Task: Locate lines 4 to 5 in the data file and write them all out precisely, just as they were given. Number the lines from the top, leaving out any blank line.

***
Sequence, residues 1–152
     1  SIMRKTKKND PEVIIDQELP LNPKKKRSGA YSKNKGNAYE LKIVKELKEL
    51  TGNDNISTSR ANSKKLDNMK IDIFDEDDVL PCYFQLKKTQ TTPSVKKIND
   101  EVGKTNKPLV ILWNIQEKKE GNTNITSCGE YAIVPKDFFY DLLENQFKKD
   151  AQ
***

   101  EVGKTNKPLV ILWNIQEKKE GNTNITSCGE YAIVPKDFFY DLLENQFKKD
   151  AQ